Janssen Pharmaceuticals, a division of Johnson & Johnson, has received US FDA approval for the Invega Trinza, the first schizophrenia drug dosed once every quarter and which should help patients to better comply their treatment, improve symptom control and medical outcome. Invega Trinza is an atypical antipsychotic three month formulation of paliperidone palmitate which has a clinical efficacy and safety profile consistent with Invega Sustenna, its once a monthly predecessor, approved by the FDA in 2009.



Drugs at clinical stage

Amgen gets European recommendation for Evolocumab

Amgen leads the race, in Europe, against Sanofi/Regeneron to get approval for Repatha (evolocumab). Repotha which belongs to a new class of cholesterol-lowering drug known as PCSK9 inhibitors, has been recommended for approval in Europe.

…and terminates the co-development of brodalumab with AstraZeneca

Amgen has announced that is has terminated its collaboration with AstraZeneca, which started back in 2012, for the co-development and commercialisation of brodalumab, aimed at treating plaque psoriasis, psoriatic arthritis and axial spondyloarthritis. Brodalumab is an antibody which binds to interleukin-17 (IL17) receptor and prevents IL17 from activating the receptor. The decision was “based on events of suicidal ideation and behavior” in the brodalumab programme. AstraZeneca will have sole decisions on the future of the development of the drug.


Vertex’s Orkambi shows significant clinical benefit in cystic fibrosis (“mucoviscidose”)

Vertex (Boston, MA, USA) has published the results of two trials, in patients 12 years of age or older who had cystic fibrosis and were homozygous for the Phe508del CFTR mutation, confirming Orkambi’s benefit in multiple sclerosis. Orkambi is a combination of lumacaflor (VX-809) a CFTR corrector and ivacaflor (VX-770) a CFTR potentiator and is the first therapy that targets the underlying cause of multiple sclerosis. Cystic fibrosis (“mucoviscidose”) is a life-limiting disease that is caused by defective or deficient cystic fibrosis transmembrane conductance regulator (CFTR) protein activity.


Cortendo develops ATL 1103, an antisense product for the treatment of acromegaly

Cortendo (Göteborg, Sweden and Trevose PA, USA), a biopharmaceutical company focused on rare endocrine disorders, has entered in an exclusive license agreement with Antisense Therapeutics (Victoria, Australia) to develop, ATL1103, an antisense designed to block growth hormone receptor (GHr) as a potential treatment of acromegaly. Acromegaly is a hormonal disorder that develops when the pituitary gland produces too much growth hormone during adulthood. When this happens, bones increase in size, including those of hands, feet and face. Under the deal, Cortendo will have development and commercialization rights to Antisense's ATL1103 for endocrinology applications and will make upfront payment of $5m ($3m in cash and $2m in investments) to Antisense Therapeutics.  Cortendo will also make additional payments, contingent upon achieving specific development and commercialization milestones of about $105m.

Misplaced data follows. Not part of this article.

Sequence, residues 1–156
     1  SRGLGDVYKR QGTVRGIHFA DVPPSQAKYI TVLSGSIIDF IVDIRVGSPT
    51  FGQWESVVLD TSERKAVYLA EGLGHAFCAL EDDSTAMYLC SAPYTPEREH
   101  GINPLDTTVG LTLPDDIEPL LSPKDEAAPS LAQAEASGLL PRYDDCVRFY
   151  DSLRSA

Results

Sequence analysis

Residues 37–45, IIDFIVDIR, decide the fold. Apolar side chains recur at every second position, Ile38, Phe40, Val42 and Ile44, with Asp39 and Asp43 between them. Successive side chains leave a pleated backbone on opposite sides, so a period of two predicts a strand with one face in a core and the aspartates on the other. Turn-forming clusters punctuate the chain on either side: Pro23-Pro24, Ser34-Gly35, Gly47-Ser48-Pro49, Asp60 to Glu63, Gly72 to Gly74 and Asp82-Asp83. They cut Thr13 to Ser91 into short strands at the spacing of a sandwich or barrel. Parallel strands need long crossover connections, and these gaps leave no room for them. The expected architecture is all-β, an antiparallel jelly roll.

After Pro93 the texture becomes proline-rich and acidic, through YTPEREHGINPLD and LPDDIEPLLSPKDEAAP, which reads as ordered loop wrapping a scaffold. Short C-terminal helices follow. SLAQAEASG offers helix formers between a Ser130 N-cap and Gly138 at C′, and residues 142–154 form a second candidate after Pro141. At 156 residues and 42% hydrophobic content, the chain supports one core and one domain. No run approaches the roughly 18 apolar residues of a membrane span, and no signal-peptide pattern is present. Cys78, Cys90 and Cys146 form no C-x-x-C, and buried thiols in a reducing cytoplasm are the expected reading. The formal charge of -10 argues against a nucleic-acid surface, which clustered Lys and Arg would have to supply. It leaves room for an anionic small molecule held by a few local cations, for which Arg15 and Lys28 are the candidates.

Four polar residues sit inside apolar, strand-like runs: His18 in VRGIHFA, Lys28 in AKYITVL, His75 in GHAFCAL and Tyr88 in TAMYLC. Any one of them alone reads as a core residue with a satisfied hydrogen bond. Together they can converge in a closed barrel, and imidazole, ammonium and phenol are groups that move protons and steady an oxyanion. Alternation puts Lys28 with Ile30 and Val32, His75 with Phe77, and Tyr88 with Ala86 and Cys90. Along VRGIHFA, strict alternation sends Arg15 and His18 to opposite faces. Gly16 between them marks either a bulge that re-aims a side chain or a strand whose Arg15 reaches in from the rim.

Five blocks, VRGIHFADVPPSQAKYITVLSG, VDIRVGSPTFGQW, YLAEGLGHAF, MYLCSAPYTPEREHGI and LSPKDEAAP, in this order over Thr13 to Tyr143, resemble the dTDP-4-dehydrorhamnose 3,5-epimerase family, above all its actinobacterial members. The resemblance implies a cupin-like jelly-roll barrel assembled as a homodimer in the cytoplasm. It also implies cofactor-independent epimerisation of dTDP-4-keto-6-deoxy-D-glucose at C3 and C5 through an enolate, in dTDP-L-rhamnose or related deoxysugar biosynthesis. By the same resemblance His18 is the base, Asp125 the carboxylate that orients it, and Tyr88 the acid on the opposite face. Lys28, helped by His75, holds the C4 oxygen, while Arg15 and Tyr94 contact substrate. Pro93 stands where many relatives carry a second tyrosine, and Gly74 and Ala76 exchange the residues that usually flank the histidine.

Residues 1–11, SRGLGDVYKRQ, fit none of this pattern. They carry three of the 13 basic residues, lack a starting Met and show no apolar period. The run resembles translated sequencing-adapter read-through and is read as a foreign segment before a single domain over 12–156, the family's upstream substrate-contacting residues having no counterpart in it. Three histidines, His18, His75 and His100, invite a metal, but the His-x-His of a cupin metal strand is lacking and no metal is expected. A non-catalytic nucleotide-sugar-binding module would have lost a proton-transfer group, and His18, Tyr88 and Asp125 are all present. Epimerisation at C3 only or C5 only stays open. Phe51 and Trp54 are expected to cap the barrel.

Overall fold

US FDA grants fast track to Immunomedics’ sacituzumab govitecan for lung cancer 

Immunomedics (Morris Plain, NJ, USA) received fast track designation from US FDA for sacituzumab govitecan for the treatment of patients with metastatic non-small cell lung cancer. Sacituzumab govitecan is an antibody drug conjugate of the active metabolite of irinotecan. The US FDA had already granted fast track status to sacituzumab govitecan for the treatment of patients with triple-negative breast cancer and small-cell lung cancer and orphan drug designation for the treatment of small-cell lung cancer and pancreatic cancer.

…. to Agios’ AG-120 leukemia drug

Agios Pharmaceuticals (Cambridge, MA, USA) got US FDA fast track designation for AG-120, a first in class inhibitor of isocitrate dehydrogenase-1 protein (IDH1) for the treatment of acute myelogenous leukemia patients with IDH1 genetic mutation.

…to Celgene’s and Acceleron’s luspatercep for the treatment of beta-thalassemia

Celegne (Summitt, NJ, USA) and Acceleron Pharma (Cambridge, MA, USA) have received US FDA fast track designation for luspatercept, a modified activing receptor type IIB fusion protein for patients with transfusion dependent or non-transfusion-dependent beta-thalassemia. Unlike erythropoietin, which stimulates the proliferation of early-stage erythrocyte precursor cells, luspatercept regulates late-stage red blood cell precursor cell differentiation and maturation.


US FDA grants orphan status to Alnylam’s revusiran for the treatment of amyloidosis

 Alnylam (Cambridge, MA, USA) and partner Genzyme were granted US FDA orphan status for RNAi therapeutic revusiran for the treatment of amyloidosis. Transthyrein (TTR) mediated amyloidosis (ATTR amyloidosis) is an inherited progressively debilitating often fatal disease caused by mutations in the TTR gene. Revisuran was already granted orphan status in Europe last year.


Sanofi and Regeneron announce positive results for Sarilumab (Ph3), Dupilumab (Ph2)

……. from Phase 3 studies with Sarilumab in Patients with Rheumatoid Arthritis. Sarilumab is an investigational fully-human Interleukin 6 (IL6) receptor antibody.


……and from Pivotal Phase 2 studies with Dupilumab in adult patients with moderate-to-severe asthma. Dupilumab is an investigational drugs that inhibits signaling of Interleukin 4 (IL4) and Interleukin 13 (IL13) two cytokines required for type 2 (Th2) immune response.


Genocea’s genital herpes vaccine with positive phase 2 results

Genocea Biosciences (Cambridge, MA, USA) announced that its GEN-003 genital herpes vaccine met its goal in a phase 2 study. The candidate consists of a protein and adjuvant, and works by targeting a T cell response against the HSV-2 virus. There is currently no cure for genital herpes.



In your previous news week edition we have mentioned that Liberia was declared Ebola free and that the disease is now spreading at a slow pace in other West Africa countries. We will therefore no longer entertain this topic under a specific item and replace it with a Medical Devices and Diagnostic dedicated topic.